Tokyo has some fabulous architecture and I like nothing more than walking around the city capturing the patterns and shapes.
Back in 2016, a new building opened in Tokyo's Ginza shopping district. The Tokyu Plaza Ginza immediately became by go-to spot. Four years later and I'm still a big fan.
Sat midway between Yurakucho and the Ginza 4-Chome crossing, Tokyu Plaza Ginza is an 12F retail development. On the sixth floor there's a spacious atrium affording great views out to the street. Head up to the roof and you've got more great views, this time at a more acute down-angle.
The roof has been a playground for me for a while now, for shots of the surrounding buildings or shots down on to the sprawling zebra-crossing at street level.
But it's not just the views out from the building that keep bringing me back to the Tokyu Plaza. The building itself is a fascinating structure of metal, glass, angles and patterns.
The shot featured here was one I took back in 2017, in the early autumn light of September that year. It's of the wall on the west side of the structure.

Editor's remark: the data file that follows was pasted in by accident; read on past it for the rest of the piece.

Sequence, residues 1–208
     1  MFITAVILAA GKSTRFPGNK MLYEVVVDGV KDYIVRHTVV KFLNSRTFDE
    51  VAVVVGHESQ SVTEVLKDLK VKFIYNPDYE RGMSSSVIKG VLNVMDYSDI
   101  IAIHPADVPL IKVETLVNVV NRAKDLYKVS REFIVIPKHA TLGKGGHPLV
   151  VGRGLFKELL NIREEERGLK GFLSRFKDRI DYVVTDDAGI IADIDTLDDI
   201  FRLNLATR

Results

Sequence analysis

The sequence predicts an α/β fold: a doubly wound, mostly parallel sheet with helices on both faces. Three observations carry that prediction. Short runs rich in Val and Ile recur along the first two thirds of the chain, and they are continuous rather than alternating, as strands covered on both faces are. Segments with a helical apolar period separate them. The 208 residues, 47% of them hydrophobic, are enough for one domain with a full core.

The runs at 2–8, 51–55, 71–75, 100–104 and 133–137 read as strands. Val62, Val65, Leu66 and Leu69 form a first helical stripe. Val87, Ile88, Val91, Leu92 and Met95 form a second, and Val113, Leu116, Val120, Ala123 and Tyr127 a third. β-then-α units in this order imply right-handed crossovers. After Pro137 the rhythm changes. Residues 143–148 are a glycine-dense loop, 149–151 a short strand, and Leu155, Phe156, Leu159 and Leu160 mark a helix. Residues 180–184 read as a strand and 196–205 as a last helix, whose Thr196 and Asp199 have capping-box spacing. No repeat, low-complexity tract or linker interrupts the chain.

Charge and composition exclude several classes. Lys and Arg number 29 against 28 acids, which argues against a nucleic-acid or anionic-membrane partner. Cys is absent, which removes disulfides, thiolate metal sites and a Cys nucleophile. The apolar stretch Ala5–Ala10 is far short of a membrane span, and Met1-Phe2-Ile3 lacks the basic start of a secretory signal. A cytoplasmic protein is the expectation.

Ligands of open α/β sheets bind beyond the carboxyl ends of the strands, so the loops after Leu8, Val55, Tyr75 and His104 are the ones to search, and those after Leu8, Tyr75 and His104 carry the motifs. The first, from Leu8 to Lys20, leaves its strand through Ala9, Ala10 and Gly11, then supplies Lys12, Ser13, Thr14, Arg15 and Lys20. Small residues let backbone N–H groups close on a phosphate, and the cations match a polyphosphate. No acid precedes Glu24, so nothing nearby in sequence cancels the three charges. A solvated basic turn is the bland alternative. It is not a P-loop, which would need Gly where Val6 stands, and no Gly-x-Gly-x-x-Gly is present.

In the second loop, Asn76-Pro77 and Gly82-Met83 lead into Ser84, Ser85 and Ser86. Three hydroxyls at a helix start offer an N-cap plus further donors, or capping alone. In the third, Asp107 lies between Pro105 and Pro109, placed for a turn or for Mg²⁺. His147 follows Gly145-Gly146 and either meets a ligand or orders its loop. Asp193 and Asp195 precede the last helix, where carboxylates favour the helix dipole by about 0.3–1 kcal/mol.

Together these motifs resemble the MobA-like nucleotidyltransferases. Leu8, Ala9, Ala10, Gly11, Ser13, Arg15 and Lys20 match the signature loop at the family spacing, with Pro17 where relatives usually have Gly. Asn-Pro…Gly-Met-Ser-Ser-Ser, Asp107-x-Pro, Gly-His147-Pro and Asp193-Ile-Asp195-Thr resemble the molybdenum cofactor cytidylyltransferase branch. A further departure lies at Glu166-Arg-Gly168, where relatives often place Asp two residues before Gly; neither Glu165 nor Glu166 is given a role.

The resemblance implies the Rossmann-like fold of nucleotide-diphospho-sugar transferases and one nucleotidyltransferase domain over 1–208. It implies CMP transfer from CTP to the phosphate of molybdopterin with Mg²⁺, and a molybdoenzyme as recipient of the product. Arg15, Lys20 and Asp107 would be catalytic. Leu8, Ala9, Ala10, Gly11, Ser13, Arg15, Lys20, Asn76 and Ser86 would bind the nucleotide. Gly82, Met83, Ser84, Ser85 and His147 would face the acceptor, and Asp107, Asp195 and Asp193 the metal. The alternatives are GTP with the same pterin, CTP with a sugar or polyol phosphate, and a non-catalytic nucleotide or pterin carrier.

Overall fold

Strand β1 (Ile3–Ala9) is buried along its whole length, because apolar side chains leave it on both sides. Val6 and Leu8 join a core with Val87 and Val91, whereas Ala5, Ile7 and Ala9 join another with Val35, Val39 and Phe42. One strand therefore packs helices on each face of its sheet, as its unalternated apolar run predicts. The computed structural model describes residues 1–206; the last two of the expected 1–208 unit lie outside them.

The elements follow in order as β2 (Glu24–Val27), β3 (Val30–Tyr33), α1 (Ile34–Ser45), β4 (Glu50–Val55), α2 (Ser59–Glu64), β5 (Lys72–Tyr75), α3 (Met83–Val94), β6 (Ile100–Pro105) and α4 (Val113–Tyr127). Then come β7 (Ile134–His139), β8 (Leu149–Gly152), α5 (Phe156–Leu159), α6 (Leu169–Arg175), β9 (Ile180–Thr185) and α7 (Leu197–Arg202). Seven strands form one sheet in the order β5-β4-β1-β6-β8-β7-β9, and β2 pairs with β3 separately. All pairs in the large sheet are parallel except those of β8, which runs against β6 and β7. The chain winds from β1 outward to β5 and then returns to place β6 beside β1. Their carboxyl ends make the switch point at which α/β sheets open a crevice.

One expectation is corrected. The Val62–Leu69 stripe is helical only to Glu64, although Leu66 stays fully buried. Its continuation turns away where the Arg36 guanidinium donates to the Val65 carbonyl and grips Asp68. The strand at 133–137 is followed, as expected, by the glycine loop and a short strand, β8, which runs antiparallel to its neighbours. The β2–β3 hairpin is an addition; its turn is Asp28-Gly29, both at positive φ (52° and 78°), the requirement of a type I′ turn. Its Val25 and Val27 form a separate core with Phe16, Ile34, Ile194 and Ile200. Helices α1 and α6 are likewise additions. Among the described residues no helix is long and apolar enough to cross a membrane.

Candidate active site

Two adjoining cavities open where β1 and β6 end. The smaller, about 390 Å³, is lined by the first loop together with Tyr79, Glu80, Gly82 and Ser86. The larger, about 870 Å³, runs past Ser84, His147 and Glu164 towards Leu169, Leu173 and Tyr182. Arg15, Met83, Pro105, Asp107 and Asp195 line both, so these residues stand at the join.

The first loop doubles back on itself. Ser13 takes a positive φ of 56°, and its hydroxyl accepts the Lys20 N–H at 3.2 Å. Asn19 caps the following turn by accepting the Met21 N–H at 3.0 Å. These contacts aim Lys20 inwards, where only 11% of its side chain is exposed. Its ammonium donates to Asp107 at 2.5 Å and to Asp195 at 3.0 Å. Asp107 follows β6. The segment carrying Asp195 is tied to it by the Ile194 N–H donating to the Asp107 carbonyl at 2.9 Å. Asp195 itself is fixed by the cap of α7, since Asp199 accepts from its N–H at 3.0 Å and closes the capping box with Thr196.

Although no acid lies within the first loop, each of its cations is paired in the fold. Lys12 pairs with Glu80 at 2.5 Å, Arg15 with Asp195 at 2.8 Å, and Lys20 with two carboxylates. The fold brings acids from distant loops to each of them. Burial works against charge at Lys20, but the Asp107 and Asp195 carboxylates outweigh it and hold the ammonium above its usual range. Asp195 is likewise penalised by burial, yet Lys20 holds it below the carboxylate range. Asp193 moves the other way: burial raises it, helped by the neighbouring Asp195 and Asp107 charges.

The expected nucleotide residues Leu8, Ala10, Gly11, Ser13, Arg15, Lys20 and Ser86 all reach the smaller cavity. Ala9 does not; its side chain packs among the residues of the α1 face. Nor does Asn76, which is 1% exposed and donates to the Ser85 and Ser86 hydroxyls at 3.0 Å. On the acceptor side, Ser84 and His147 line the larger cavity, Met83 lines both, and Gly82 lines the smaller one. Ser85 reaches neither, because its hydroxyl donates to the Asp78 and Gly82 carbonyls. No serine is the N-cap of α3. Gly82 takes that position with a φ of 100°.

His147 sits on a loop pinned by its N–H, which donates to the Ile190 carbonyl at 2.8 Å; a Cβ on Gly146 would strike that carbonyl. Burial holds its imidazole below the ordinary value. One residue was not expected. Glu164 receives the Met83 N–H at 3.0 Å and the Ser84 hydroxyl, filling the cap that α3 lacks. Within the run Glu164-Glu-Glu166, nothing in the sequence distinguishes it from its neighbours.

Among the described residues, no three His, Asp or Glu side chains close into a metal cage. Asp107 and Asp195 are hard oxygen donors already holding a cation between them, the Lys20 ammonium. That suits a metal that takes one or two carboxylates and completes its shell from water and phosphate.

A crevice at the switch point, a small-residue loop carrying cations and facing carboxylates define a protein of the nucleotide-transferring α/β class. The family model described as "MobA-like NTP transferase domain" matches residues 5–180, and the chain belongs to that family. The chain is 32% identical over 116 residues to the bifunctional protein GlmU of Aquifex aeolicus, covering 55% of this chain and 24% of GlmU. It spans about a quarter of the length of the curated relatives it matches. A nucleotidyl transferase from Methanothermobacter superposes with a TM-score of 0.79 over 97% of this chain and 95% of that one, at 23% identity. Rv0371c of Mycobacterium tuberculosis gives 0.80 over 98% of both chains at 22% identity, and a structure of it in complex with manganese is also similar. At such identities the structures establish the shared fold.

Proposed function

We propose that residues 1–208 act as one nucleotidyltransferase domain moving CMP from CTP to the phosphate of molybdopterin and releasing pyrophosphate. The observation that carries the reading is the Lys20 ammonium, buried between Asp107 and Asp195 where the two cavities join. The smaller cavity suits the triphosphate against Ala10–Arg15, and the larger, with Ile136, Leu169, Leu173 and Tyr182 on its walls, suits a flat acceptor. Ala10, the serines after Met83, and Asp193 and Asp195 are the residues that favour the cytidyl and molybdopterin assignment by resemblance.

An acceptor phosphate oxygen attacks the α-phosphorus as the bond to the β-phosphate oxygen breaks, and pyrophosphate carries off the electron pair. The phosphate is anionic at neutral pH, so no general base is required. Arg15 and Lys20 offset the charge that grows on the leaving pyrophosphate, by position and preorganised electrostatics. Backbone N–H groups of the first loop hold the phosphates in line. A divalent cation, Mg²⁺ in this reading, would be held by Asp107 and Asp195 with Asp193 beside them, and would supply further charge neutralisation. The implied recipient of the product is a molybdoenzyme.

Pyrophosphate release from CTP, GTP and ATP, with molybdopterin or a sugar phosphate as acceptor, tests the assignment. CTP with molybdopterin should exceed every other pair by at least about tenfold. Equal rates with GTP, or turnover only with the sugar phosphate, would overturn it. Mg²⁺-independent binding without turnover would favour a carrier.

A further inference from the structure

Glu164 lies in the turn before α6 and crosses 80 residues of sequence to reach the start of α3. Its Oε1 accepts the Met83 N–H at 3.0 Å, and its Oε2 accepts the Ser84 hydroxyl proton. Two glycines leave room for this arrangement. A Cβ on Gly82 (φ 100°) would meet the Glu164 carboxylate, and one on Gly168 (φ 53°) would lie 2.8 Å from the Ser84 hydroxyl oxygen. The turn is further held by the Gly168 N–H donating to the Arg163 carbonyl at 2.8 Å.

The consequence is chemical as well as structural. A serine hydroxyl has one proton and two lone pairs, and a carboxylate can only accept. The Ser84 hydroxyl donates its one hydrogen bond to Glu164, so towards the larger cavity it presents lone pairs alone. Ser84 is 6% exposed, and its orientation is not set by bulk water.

Towards the end of the day, the angle of the sun creates a dazzling display across the repeated patterns of the wall. Changing your angle of view creates interference patterns that really start to play tricks on your brain.
Find out more about the Tokyu Plaza Ginza at their official website, here.
There's a great article - with a load of project photos and drawings from the architect - at the architecture website, Arch Daily, here.
Tech stuff on this shot?
- Nikon D800e
- Nikkor 300mm f/4 ED
- Shot in my custom Picture Control 'Ektachrome P' (more contrast, more sharpness, slight increase in saturation from the standard colour space).
- Only the crop and white border done in Photoshop. Photo is, otherwise, SOOC.